Reanimated History: Mutually Assured Ruination

Apr 01 2018

In this episode, Adam drops a truth bomb on the history of the Cold War, and the only fallout is knowledge about the Cuban Missile Crisis, the overlooked hero of the McCarthy era and who’s really responsible for the Berlin Wall coming down. Here are his sources.


“Yep! In fact, Kennedy’s advisors later realized how provocative their actions were.”

Richard Ned Lebow and Janice Gross Stein. We All Lost the Cold War. Princeton University Press, 1994.

“Hardly! In 1960 the US had over 18,000 nuclear weapons while the USSR only had sixteen hundred. That’s more than a 10-to-1 advantage!”

Robert S. Norris and Hans M. Kristensen. “Global nuclear weapons inventories, 1945-2010.” Bulletin of the Atomic Scientists, July/August 2010.

“Not really! The blockade actually escalated the crisis! The US had no legal rights to do this so it was technically an act of war.”

Benjamin Schwarz. “The Real Cuban Missile Crisis.” The Atlantic, January/February 2013.

“Okay, hear me out: Let’s invade Cuba again! Sure it might result in nuclear annihilation, but we’ve got a bunker. All of us will be fine!”

McGeorge Bundy and James G. Blight, “October 27, 1962: Transcripts of the Meetings of the ExComm.” International Security 12.3 (1987-88).

“Bobby Kennedy brokered a secret deal with the USSR and it would be years before anyone found out!”

Jim Hershberg. “Anatomy of a Controversy: Anatoly F. Dobrynin’s Meeting With Robert F. Kennedy, Saturday, 27 October 1962.” The Cold War International History Project Bulletin 5 (1995).

“For years Congress observed an unwritten rule: the “widow’s mandate”. If a congressman died mid- term, his wife would serve out the rest of the time and then step aside at the next election.”

The Widow and Familial Connections.” Office of the Historian, U.S. House of Representatives. Accessed online.

“She did run and she won. In fact, the Republican from Maine was so popular that she was reelected to Congress three more times and then, in 1948, she ran for Senate and beat her opponent 71-29%!”

First Woman Elected to Both Houses of Congress.” Senate Historical Office, U.S. Senate. Accessed online.

“He had over 30,000 books he deemed subversive removed from American libraries abroad.”

Geoffrey R. Stone. “Free Speech in the Age of McCarthy: A Cautionary Tale.” California Law Review 93.5 (2005).

“He even went after army officers by accusing them of having dinner with communists.”

“Executive Sessions of the Senate Permanent Subcommittee on Investigations of the Committee on on Government Operations, Volume 4.” Eighty-Third Congress (1953). Accessed online.


“The right to criticize. The right to hold unpopular beliefs. The right to protest. The right of independent thought. The exercise of these rights should not cost one single American citizen his reputation or his right to a livelihood.”

Margaret Chase Smith. “Declaration of Conscience.” Congressional Record. Eighty-First Congress, 2d. Session (1950).

“It made no difference. She crushed * her primary opponent 83% to 17%”

“Maine Hands Heavy Victory to Sen. Smith.” Chicago Tribune, 22 June 1954.

“By the late 1980’s, unrest and corruption throughout the Eastern Bloc were making it harder and harder for Communist countries to stay in power.”

Robert W. Strayer. Why Did The Soviet Union Collapse?: Understanding Historical Change. M.E. Sharpe, 1998.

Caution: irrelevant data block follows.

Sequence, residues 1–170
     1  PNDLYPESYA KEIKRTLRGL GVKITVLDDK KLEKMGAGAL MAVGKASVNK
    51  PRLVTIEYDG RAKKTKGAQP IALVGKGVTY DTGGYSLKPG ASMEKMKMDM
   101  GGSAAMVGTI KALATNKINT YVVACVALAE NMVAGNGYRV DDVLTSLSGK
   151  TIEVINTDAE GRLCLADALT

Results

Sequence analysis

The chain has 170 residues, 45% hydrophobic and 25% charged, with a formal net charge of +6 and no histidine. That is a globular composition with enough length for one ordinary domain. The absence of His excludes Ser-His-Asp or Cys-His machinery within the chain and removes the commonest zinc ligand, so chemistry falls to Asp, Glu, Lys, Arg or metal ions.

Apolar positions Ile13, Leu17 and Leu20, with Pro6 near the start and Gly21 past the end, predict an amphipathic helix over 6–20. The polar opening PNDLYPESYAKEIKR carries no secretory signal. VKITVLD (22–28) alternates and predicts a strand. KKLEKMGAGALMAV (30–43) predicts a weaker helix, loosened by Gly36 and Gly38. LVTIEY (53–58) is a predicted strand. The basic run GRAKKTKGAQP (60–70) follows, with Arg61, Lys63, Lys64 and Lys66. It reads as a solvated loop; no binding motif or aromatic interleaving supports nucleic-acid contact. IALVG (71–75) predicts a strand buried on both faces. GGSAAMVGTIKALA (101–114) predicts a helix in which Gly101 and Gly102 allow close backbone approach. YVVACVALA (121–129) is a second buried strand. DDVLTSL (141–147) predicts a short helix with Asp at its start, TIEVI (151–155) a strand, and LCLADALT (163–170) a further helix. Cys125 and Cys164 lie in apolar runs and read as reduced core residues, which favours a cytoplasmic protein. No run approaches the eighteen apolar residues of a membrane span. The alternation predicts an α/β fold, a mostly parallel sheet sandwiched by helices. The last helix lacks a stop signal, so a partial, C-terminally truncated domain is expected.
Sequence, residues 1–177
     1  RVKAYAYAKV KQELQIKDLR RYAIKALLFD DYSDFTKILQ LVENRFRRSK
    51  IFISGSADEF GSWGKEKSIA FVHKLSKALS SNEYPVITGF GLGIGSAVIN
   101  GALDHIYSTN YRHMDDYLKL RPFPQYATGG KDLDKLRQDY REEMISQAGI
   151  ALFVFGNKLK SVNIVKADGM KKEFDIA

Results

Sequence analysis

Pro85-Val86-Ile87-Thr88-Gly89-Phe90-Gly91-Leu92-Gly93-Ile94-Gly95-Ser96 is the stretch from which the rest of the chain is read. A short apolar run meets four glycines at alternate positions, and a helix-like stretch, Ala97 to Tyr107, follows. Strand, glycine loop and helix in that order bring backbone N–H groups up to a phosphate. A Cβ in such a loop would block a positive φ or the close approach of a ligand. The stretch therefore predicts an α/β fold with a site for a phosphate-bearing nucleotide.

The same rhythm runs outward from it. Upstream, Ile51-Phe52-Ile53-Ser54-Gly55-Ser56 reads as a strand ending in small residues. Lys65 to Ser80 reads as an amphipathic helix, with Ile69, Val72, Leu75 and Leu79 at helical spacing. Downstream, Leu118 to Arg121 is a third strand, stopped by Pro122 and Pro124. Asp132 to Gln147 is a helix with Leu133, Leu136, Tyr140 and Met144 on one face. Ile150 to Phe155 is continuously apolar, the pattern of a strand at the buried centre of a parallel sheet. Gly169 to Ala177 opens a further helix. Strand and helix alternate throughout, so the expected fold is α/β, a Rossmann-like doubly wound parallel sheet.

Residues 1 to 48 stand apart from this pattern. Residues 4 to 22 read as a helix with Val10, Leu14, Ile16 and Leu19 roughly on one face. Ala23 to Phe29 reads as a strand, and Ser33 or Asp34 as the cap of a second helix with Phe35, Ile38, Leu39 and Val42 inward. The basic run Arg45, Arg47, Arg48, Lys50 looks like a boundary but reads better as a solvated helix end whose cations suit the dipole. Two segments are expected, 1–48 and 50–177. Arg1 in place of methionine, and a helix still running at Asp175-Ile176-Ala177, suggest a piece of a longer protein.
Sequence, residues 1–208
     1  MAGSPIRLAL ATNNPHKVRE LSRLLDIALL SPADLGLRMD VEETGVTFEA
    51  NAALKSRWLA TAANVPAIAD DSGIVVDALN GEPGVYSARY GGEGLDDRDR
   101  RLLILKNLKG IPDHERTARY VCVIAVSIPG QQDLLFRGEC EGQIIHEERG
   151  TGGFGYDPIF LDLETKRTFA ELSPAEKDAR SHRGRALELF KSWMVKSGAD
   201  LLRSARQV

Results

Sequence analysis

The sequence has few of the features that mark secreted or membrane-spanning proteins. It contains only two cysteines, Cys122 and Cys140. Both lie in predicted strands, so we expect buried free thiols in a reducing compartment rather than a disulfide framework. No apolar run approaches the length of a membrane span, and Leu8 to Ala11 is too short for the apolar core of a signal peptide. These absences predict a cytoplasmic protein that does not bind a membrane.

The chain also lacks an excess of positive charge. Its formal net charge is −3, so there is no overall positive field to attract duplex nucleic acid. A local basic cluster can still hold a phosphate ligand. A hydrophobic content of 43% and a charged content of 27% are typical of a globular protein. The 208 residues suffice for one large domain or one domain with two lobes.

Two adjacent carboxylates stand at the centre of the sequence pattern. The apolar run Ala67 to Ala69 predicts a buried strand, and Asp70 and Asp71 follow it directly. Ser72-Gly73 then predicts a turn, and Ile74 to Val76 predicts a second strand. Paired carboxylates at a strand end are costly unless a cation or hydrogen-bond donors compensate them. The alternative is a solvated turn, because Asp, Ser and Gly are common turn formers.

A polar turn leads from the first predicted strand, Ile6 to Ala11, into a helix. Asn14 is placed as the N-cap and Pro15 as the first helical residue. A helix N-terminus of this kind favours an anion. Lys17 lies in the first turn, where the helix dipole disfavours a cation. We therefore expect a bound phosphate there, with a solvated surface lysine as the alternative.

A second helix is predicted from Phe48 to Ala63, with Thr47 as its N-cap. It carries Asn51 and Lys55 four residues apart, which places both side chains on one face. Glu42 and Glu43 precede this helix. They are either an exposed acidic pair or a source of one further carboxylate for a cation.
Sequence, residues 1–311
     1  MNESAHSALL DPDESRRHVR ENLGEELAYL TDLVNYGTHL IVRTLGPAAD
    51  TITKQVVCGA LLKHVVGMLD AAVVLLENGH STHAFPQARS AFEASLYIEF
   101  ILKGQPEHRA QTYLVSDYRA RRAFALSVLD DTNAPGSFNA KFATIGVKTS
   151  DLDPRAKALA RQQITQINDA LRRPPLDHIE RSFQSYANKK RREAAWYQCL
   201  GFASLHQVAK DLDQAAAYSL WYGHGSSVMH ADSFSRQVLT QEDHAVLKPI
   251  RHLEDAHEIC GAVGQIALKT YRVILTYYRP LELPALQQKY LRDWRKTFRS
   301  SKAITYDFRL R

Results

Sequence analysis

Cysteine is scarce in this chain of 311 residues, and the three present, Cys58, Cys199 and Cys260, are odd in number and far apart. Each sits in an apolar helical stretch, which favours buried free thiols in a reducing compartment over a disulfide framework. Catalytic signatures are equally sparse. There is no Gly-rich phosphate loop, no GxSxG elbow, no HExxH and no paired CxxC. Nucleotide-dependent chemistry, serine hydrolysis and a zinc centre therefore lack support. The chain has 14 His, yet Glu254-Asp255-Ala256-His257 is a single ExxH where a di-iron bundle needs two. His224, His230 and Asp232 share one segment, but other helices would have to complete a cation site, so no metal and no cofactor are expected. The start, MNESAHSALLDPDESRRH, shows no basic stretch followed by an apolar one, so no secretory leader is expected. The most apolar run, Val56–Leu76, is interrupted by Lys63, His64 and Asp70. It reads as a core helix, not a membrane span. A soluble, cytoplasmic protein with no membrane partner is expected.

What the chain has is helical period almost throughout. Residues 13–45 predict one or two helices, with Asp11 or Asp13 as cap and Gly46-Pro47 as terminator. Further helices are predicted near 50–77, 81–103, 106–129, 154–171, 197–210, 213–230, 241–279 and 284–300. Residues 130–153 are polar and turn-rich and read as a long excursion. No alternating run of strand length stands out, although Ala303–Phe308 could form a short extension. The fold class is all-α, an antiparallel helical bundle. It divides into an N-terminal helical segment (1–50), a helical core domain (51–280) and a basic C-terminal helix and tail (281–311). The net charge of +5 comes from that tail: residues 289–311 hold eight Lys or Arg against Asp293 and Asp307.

“As the pressure from the East German people continued to grow the authorities tried to make it seem like they were relaxing travel restrictions. But in reality, they were really just making those restrictions more confusing.”

Mary Sarotte. The Collapse: The Accidental Opening of the Berlin Wall. Basic Books, 2014.

“Later in the day, Schabowski did a private interview with Tom Brokaw and continued to be so vague that Brokaw was forced to fill in the gaps.”

Mary Sarotte. The Collapse: The Accidental Opening of the Berlin Wall. Basic Books, 2014.

“There was so much confusion that when the guards called their superiors for clarification they got no answer!”

“How a blunder finished off the Wall.” BBC News, 8 November 2009. Accessed online.

“Over the next 72 hours as many as three million people went through!”

Mary Sarotte. The Collapse: The Accidental Opening of the Berlin Wall. Basic Books, 2014.

“Wait! I haven’t even told you about how one of the first things the East German emigres did when they got to the west was buy crates full of bananas!”

Thomas Adam and Will Kaufman. Germany and the Americas: Culture, Politics, and History. ABC-CLIO, 2005.

“Mandela disguised himself as a chauffeur so he could drive around the country organizing without raising suspicion.”

Nelson Mandela. Long Walk to Freedom: The Autobiography of Nelson Mandela. Little, Brown, 1994.

“At the time, it was the policy of American intelligence agencies to support the Apartheid Government. And it was Donald Rickard, an undercover CIA agent working in the US Embassy in South Africa, who supplied the tip that helped the police get Mandela.”

Ivan Fallon. “CIA admits: We sent Mandela to jail.” The Sunday Times, 15 May 2016.

“Our march to freedom is irreversible. We must not allow fear to stand in our way!”

“South Africa’s New Era; Transcript of Mandela’s Speech at Cape Town City Hall: ‘Africa is Ours!’” New York Times, 12 February 1990. Accessed Online.

“President Mandela was one of the great forces for freedom and equality of our time.”

George W. Bush, quoted in: Scott Neuman. “World Reflects on the Life of Nelson Mandela.” NPR, 5 December 2013. Accessed online.

“Which is completely insane! Apparently he forgot the role HIS OWN COUNTRY played in Mandela’s capture! OR the fact that the U.S. didn’t take Mandela off the terrorist watch list until 2008!”

Caitlin Dewey. “Why Nelson Mandela was on a terrorism watch list in 2008.” Washington Post, 7 December 2013.